Simplified Approach to Parotid Enlargement

Diagnosis and management of a case of parotid enlargement requires systematic approach. Here, I have tried to present a simplified approach to parotid enlargement.


parotid enlargement1. Infectious:

  • Child: Mumps, Coxsackie
  • Adult: S.aureus

2. Non-infectious benign:

  • Epithelial: Pleomorphic adenoma, Warthin tumor, Oncocytoma, Monomorphic adenoma
  • Non-epithelial: Lymph node, Cysts, Lipoma, Lymphoepithelial lesion, Capillary hemangioma

3. Non-infectious malignant:

  • Mucoepidermoid carcinoma
  • Adenoid cystic carcinoma
  • Mixed malignant tumor
  • Acinic cell carcinoma
  • Adenocarcinoma
  • Squamous cell carcinoma

Relevant terms:

  1. Sialadenitis: Salivary gland inflammation
  2. Sialolithiasis: Salivary gland/duct calculi
  3. Sialadenosis: Non-inflammatory, symmetrical swelling usually of parotid, caused by systemic, frequently unknown cause – chronic alcoholism, vitamin deficiency, diabetes, protein deficiency, anorexia nervosa
  4. Mumps: Acute viral sialadenitis (paramyxovirus)


1. Character of Parotid Mass:

  • Onset and duration: Rapid (inflammatory) vs slow growing (neoplastic, sialadenosis, chronic sialadenitis)
  • Diffuse (sialadenosis, sialadenitis) vs discrete mass (tumor)
  • Unilateral (acute bacterial sialadenitis, neoplasm) versus bilateral (sialadenosis, mumps – viral sialedenitis)
  • Painful (acute inflammatory, increases with food ingestion – sialolithiasis)

2. Contributing Factors:

  • Exposure to radiation or toxins (lead or mercury)
  • History of sarcoidosis, Sjögren’s disease, tuberculosis, gout, amyloidosis
  • Recent facial trauma, surgery, or dental work
  • Immunization history (specifically measles, mumps, rubella [MMR] vaccine)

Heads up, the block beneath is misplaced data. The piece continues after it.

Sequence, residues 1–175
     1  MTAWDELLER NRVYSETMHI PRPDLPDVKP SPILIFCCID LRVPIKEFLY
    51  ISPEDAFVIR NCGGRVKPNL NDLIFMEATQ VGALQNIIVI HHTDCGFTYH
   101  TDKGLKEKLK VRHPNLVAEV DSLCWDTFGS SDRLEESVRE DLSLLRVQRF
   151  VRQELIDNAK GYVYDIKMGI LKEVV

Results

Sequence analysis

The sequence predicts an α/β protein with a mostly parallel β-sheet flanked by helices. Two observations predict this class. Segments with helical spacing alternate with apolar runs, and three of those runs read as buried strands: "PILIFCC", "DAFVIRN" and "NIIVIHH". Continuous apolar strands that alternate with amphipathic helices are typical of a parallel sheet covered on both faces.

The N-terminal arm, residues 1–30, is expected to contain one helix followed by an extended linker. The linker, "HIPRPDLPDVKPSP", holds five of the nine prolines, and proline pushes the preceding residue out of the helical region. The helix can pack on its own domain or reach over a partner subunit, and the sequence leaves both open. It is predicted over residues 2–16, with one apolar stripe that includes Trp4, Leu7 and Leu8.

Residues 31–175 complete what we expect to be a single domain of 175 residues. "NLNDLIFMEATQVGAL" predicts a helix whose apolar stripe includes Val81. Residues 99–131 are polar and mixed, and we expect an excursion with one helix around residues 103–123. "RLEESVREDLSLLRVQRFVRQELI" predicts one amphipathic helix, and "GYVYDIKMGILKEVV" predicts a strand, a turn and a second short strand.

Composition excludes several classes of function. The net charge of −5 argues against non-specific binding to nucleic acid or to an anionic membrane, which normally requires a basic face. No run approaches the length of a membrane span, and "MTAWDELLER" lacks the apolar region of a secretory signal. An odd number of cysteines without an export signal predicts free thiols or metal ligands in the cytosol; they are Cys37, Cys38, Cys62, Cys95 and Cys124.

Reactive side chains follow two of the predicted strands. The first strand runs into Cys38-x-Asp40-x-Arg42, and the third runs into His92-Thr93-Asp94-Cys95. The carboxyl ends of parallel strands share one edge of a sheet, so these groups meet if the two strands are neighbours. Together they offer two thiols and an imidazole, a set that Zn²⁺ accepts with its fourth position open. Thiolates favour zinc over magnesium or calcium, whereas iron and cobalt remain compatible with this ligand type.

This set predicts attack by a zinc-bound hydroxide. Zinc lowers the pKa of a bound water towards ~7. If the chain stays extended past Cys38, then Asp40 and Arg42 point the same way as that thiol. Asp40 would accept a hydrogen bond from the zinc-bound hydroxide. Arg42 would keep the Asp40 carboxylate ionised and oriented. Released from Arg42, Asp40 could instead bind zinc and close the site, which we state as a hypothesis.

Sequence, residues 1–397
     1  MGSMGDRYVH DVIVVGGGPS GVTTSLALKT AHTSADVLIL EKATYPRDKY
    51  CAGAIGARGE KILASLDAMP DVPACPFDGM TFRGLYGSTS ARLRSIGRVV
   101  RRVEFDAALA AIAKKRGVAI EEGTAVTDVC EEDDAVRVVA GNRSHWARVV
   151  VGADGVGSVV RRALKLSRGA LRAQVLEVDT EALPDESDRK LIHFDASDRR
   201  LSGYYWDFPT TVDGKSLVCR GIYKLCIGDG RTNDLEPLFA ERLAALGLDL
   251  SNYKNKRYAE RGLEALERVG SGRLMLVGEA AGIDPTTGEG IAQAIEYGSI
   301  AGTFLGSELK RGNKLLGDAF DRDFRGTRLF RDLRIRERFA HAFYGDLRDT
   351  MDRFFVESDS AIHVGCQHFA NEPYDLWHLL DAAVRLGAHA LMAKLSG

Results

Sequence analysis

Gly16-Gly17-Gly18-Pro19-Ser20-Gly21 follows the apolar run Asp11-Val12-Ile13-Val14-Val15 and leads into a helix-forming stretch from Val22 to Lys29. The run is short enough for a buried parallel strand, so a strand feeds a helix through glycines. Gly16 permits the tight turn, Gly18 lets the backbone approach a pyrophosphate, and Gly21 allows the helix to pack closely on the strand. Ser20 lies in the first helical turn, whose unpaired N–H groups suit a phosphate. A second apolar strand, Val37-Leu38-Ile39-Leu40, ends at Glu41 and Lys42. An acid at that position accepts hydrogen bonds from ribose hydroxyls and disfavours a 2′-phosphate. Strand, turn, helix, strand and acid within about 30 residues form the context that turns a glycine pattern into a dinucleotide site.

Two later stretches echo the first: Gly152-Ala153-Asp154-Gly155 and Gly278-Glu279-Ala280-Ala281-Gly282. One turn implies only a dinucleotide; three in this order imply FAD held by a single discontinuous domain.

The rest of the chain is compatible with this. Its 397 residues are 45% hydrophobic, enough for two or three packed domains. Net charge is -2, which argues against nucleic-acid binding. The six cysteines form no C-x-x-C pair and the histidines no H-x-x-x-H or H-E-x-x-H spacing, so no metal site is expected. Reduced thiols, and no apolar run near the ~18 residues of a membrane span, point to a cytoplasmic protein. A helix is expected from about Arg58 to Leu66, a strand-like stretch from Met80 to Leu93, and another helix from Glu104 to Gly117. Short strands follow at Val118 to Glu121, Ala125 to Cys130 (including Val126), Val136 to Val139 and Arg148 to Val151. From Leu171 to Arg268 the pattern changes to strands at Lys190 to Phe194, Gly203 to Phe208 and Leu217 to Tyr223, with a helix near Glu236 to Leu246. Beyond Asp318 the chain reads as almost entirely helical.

3. Associated Symptoms and Signs: xerostomia, sialorrhea, weight loss, fever, trismus


1. Differentiate if the mass is intra-parotid or extra-parotid: A parotid mass has following characteristics –

  • Swelling from front, below and behind the ear
  • Raises ear lobule
  • Retromandibular groove obliterated
  • When palpated and rolled over styloid and under mandible – not freely mobile and doesn’t move below mandible

2. Assess if the deep lobe of parotid is involved or not (involved in malignancy):

  • Facial nerve (CN VII) involvement
  • Tonsil deviation medially
  • Bimanually palpable

3. Fixity – to skin or masseter (malignancy)

4. Tenderness (inflammatory)

5. Expression from Stensen’s duct – Pus (parotitis) and Blood (malignancy)

6. Deep cervical lymphadenopathy (malignancy)

7. Soft/firm (benign) vs Hard/fixed (malignant)

Notes: Masseter hyperplasia can mimic parotid enlargement and is differentiated by having the patient to squeeze the jaws together which leads to activation of masseter muscle allowing for access to inspection and palpation.


parotid approach

1. Ultrasonography (USG):

  • 1st choice of imaging study
  • can differentiate normal glandular parenchyma, inflammatory process (with or without liquefaction),cystic lesions, tumors, lymph nodes and calculi
  • not good for evaluating deep lobe of parotid

2. CT/MRI (MRI is superior):

  • When clinical examination and ultrasonography is non-yielding
  • Evaluating size, nerve and deep lobe involvement
  • Node involvement
  • Preoperative evaluation

3.  FNA:

  • For discrete nodules of the parotid gland
  • Differentiates cysts, inflammatory processes, lymphoma, and other neoplasms
  • Preoperative histologic diagnosis
  • Predicting extent of surgery

4. Plain X-ray:

  • Not much helpful
  • Sialolithiasis: must have high calcium content and must be atleast 2-3 mm
  • Malignancy: bone resorption

5. Open Biopsy:

  • Incisional biopsy/enucleation (without identifying facial nerve):
    • risks tumor seeding, recurrence, facial nerve injury, and violation of tumor margins
    • contraindicated in benign tumors
  • Superficial/total parotidectomy (with facial nerve identification) with intraoperative frozen section: typically required

6. Technetium-99m Isotope Scan:

  • Rarely utilized
  • May differentiate a Warthin’s tumor and oncocytoma from other salivary gland neoplasms

7. Sialography:

  • Visualizes ductal anatomy
  • Indicated for ductal calculi, trauma, fistulas, Sjögren’s disease
  • Contraindicated in acute infections

8. Sialendoscopy:

  • Can demonstrate mucus plugs, calculi and stenoses
  • Interventional procedures like dilation or stone removal by loop or laser lithotripsy

9. Labs: may consider mumps titers, CBC, autoimmune and Sjögren’s profile (SS-A, SS-B, ANA, ESR)


1. Acute Sialadenitis:

  • Rehydration
  • Warm compresses
  • Antimicrobial therapy (may require parenteral antibiotics for severe cases)
  • Sialagogues (e.g. Pilocarpine)
  • Salivary gland massage
  • Oral irrigations